Fact Check

Maggots In Reese's Cups

Is a video showing a Reese's Peanut Butter Cups maggot infestation real?

Published Aug. 29, 2014


Claim:   A widely circulated video shows two people discovering a maggot infestation inside a Reese's Peanut Butter Cup.



[Collected via Twitter, August 2014]

Origins:   On or around 23 August 2014, a now-viral video involving Reese's Peanut Butter Cups crawling with maggots began spreading like wildfire on the social web. As is often the case, the rumors lead back to one clip, but the virality of the footage is creating the impression for many Twitter and Facebook users that Reese's Peanut Butter Cups are routinely infested with maggots.

The clip achieved a new level of audience when it was shared on the World Star Hip Hop page, and in response to the heavily circulated single clip, Reese's social media team appears to be buried under a siege of panicked queries about the maggot video.

A few things stand out about the Reese's maggots clip, which is of undetermined veracity. One is that the footage begins with an already opened Reese's cup, and the other is that both people in the video are wearing blue gloves, suggesting a possible laboratory setting.
The opened package alone makes verifying the source of the maggots seen in the video difficult from the outset. In addition to opened packaging on the Reese's cup in question, the surface of the chocolate on the top of the item is pre-cracked, suggesting maggots could have been deliberately introduced as part of an experiment or practical joke.
Could a Reese's cup be harboring maggots, whether or not this video is entirely straightforward? As of now, Reese's has been heavily apologizing to offended consumers via both their Facebook and Twitter pages — and the brand explains how maggots could come to be inside a Reese's Peanut Butter Cup should that be the case:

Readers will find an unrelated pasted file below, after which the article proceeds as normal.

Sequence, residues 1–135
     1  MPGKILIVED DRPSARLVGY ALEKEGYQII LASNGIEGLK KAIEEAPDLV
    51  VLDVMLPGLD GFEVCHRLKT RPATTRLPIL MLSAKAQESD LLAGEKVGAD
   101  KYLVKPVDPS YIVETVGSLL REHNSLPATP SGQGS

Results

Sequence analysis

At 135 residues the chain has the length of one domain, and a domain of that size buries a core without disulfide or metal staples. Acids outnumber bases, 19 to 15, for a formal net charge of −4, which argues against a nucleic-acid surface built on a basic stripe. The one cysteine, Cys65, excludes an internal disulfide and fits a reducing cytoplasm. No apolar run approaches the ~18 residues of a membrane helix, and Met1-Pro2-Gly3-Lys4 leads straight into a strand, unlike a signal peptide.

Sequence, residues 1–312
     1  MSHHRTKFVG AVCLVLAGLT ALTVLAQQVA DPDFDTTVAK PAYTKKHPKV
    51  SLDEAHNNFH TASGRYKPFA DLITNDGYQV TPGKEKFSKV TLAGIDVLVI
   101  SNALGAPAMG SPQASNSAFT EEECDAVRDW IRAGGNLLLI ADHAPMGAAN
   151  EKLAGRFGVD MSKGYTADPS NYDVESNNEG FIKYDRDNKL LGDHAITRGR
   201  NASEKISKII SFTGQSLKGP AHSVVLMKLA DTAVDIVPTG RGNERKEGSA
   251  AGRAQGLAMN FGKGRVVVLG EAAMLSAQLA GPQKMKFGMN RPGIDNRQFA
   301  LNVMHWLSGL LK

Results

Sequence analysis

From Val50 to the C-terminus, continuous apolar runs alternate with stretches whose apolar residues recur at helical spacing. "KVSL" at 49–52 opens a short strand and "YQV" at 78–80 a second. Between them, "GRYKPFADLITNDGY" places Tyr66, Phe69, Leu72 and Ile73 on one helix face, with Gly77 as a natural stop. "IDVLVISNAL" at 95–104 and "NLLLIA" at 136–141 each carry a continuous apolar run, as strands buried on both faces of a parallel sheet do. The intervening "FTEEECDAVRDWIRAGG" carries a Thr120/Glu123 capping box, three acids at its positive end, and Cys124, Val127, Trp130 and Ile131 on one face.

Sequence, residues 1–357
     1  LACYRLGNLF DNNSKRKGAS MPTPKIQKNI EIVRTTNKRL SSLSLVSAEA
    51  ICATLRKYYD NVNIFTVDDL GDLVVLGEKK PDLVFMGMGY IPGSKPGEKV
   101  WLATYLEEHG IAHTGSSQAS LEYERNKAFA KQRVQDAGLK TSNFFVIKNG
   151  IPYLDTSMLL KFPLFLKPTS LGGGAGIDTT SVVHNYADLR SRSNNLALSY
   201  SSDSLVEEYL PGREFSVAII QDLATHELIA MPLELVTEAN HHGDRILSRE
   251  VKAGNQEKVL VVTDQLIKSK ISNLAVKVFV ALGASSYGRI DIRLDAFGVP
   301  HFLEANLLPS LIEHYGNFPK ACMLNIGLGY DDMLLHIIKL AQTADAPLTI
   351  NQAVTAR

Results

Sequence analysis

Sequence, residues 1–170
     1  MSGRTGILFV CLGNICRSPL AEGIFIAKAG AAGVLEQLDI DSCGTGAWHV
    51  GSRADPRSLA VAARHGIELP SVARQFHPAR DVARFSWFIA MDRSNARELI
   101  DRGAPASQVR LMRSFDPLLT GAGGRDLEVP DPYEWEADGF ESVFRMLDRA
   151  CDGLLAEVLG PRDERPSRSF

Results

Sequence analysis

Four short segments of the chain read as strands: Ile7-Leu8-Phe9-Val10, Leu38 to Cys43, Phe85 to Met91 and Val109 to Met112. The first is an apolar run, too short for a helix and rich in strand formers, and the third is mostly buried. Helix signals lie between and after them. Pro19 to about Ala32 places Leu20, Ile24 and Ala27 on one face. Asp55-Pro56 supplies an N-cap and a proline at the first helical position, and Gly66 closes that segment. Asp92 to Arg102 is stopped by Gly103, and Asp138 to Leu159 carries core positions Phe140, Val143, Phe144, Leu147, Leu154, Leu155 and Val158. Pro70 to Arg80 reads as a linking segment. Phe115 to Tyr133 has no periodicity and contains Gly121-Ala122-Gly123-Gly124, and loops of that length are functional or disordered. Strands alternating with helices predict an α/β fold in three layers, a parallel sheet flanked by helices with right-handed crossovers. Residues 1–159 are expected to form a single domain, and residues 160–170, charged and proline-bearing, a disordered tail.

Infestation is an environmental problem that can occur during the storage and distribution of food products. We have comprehensive integrated pest management programs in place to prevent infestation in manufacturing and distribution. Further, manufacturing processes such as nut roasting are at such high temperatures that insects could not survive. Although we print proper storage instructions on all of our outer cartons, we have no control over the environmental storage conditions and stock rotation policies of distributors and retailers. Infestation can occur if the product is stored with or near infested food or pet products. Pantry pests can penetrate virtually any type of packaging on the market today, with the exception of glass or metal.

If you have yet to see the Reese's "maggots" video, you can view it by clicking here. However, the clip in question involves a degree of loud swearing, and should not be opened in work settings.

Last updated:   28 August 2014

David Mikkelson founded the site now known as snopes.com back in 1994.